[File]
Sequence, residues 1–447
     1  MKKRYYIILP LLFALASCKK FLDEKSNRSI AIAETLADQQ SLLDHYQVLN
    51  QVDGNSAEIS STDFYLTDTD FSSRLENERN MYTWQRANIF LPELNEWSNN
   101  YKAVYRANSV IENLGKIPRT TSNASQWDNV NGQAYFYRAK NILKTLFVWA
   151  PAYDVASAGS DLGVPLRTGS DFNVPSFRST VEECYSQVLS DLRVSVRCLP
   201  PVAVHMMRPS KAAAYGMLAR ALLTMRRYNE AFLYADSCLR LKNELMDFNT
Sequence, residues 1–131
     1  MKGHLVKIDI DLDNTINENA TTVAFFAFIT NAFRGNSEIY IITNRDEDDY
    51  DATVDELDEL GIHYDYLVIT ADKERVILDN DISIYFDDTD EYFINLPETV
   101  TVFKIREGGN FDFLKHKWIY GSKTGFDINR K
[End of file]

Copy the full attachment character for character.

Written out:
Sequence, residues 1–447
     1  MKKRYYIILP LLFALASCKK FLDEKSNRSI AIAETLADQQ SLLDHYQVLN
    51  QVDGNSAEIS STDFYLTDTD FSSRLENERN MYTWQRANIF LPELNEWSNN
   101  YKAVYRANSV IENLGKIPRT TSNASQWDNV NGQAYFYRAK NILKTLFVWA
   151  PAYDVASAGS DLGVPLRTGS DFNVPSFRST VEECYSQVLS DLRVSVRCLP
   201  PVAVHMMRPS KAAAYGMLAR ALLTMRRYNE AFLYADSCLR LKNELMDFNT
Sequence, residues 1–131
     1  MKGHLVKIDI DLDNTINENA TTVAFFAFIT NAFRGNSEIY IITNRDEDDY
    51  DATVDELDEL GIHYDYLVIT ADKERVILDN DISIYFDDTD EYFINLPETV
   101  TVFKIREGGN FDFLKHKWIY GSKTGFDINR K